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John H. Auer
An elderly woman whose son disappeared years before refuses to move when her apartment building is turned into a college dormitory for male students, as she is convinced that he will return one day. She continues to live in the building after it becomes a dorm, and eventually grows attached to a troubled young student whom she comes to believe is her own grandson. When she finds out that the boy's father will be visiting him, she prepares herself to be reunited with the man she has convinced herself is her long-lost son. Written by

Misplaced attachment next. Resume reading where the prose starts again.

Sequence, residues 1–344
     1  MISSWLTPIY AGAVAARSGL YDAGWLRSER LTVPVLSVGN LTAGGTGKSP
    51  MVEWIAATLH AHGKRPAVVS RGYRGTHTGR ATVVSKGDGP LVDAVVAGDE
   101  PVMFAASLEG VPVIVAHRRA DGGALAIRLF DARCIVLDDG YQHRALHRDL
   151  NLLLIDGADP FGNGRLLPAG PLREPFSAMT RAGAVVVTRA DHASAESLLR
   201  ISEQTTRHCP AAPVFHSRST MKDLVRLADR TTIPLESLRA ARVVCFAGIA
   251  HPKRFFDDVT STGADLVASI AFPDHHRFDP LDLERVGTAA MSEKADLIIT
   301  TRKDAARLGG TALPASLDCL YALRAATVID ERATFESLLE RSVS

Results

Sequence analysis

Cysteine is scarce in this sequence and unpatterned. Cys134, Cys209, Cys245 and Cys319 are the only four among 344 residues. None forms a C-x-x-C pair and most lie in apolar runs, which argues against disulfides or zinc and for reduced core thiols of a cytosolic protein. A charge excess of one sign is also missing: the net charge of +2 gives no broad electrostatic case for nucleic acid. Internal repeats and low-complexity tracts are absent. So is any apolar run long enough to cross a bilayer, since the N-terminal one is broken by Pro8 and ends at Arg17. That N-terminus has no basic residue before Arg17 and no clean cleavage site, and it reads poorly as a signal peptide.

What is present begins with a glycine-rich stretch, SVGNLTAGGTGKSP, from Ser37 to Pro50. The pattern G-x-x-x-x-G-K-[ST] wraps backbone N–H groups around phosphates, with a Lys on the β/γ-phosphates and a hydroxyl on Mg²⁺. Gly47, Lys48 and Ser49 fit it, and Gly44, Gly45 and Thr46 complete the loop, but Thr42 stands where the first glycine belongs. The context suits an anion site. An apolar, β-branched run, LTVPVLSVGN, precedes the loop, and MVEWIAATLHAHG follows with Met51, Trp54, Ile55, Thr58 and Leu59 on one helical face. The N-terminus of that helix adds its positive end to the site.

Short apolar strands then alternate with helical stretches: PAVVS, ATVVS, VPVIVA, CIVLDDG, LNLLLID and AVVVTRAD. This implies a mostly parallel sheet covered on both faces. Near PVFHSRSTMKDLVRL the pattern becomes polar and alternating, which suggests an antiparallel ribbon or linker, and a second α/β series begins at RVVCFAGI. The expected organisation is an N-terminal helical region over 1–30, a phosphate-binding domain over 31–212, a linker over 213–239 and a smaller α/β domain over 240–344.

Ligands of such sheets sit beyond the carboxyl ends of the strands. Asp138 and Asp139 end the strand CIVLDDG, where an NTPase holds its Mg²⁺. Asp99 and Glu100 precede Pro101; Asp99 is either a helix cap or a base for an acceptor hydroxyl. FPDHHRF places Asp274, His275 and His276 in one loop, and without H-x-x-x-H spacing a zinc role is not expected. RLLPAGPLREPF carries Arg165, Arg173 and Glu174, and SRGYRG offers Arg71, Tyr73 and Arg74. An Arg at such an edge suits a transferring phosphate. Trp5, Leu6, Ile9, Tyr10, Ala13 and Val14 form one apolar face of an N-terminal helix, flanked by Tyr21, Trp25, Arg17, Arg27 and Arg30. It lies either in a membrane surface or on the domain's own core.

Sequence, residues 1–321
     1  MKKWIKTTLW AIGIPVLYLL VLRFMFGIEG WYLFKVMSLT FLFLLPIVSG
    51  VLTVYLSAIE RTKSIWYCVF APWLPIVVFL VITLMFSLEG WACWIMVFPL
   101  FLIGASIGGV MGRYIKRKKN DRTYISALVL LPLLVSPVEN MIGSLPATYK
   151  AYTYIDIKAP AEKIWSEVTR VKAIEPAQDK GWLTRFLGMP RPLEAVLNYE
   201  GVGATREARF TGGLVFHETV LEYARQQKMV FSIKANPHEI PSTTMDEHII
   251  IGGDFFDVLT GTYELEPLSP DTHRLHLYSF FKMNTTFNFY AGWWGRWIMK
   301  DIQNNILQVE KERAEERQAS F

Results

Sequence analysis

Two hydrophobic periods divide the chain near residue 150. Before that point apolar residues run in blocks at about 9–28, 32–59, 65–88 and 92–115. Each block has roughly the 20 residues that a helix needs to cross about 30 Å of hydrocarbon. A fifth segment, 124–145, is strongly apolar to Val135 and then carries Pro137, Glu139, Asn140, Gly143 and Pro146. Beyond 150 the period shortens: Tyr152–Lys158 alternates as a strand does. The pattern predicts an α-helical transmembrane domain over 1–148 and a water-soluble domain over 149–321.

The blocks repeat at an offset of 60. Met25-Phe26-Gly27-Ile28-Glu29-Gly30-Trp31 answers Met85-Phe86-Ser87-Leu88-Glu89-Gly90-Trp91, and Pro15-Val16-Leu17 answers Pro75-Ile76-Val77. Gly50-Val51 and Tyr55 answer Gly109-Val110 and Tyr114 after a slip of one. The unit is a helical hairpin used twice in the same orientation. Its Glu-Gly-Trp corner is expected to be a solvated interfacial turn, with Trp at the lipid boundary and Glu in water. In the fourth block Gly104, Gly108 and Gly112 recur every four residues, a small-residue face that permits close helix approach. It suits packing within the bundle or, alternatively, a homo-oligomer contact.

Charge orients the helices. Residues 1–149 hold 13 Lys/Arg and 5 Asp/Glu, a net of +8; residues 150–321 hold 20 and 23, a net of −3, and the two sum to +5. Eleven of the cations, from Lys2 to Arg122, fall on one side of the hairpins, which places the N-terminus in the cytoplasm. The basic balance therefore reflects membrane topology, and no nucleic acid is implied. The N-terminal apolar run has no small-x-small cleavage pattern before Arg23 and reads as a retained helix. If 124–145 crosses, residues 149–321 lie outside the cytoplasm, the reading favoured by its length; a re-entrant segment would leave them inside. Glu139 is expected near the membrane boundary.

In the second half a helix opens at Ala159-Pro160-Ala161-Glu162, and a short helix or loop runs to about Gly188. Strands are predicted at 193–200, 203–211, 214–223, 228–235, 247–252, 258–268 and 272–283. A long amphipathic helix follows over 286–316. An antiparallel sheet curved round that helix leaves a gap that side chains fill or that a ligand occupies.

I first saw this film on TV in the late '50s and have never forgotten it. It still haunts, delights, and warms me like no other movie ever has. Republic Pictures had a reputation for churning out forgettable low-budget bottom-of-the-bill quickies. Nothing could be further from the truth. As witness this elegantly-produced, eloquently written, acted and directed tale of an elderly lady who refuses to vacate her room when her apartment building is converted into a college male dormitory. Her reason--her only son had mysteriously disappeared years ago, and she is convinced he will one day come back to her. When the conversion indeed takes place, the lady in question remains--and becomes a kind of den-mother to its randy young male occupants (among them, look for a very young and appealing Peter Lawford!) One of the students is troubled and rebellious--but when he and his girlfriend develop a lovingly attachment to the elderly lady, she becomes convinced he is indeed her grandson. And with the Christmas holidays approaching, and the boy's father coming to see him, the lonely old lady makes preparations to be at long last reunited with her son (whom she is convinced is the boy's father). But then . . . I have no idea why this perfect jewel of a movie has fallen into oblivion. Perhaps the inferior re-make "Johnny Trouble" (1957) yanked it into obscurity. The version available to TV in the '50s was cut by 30 minutes by its syndicator. I managed to rent a 16mm print of the cut version 20 years ago, and my dinner guests were enthralled. That fine, forgotten actress Mabel Paige gives a performance of exquisite subtlety and understatement. The supporting players are equally outstanding. What could easily have been a treacly, sentimental weep-wallow is instead fresh, smart, witty--and undeniably heartrending. "Someone To Remember" earns its emotional resonance, and demands to be seen--either on cable-TV, VHS or DVD--to a new generation of discerning viewers. This masterpiece of yearning with an O'Henry twist is based on a story by Ben Ames Williams, who, not so incidentally, wrote the novel which inspired the smash-hit "Leave Her to Heaven". Far from a mother-love tearjerker, "Someone to Remember" quietly cries out to be remembered. And relished. And savored. And if you suddenly find yourself trying to curtail your tears days after you've seen it, isn't that what great and lasting movie-making is all about?
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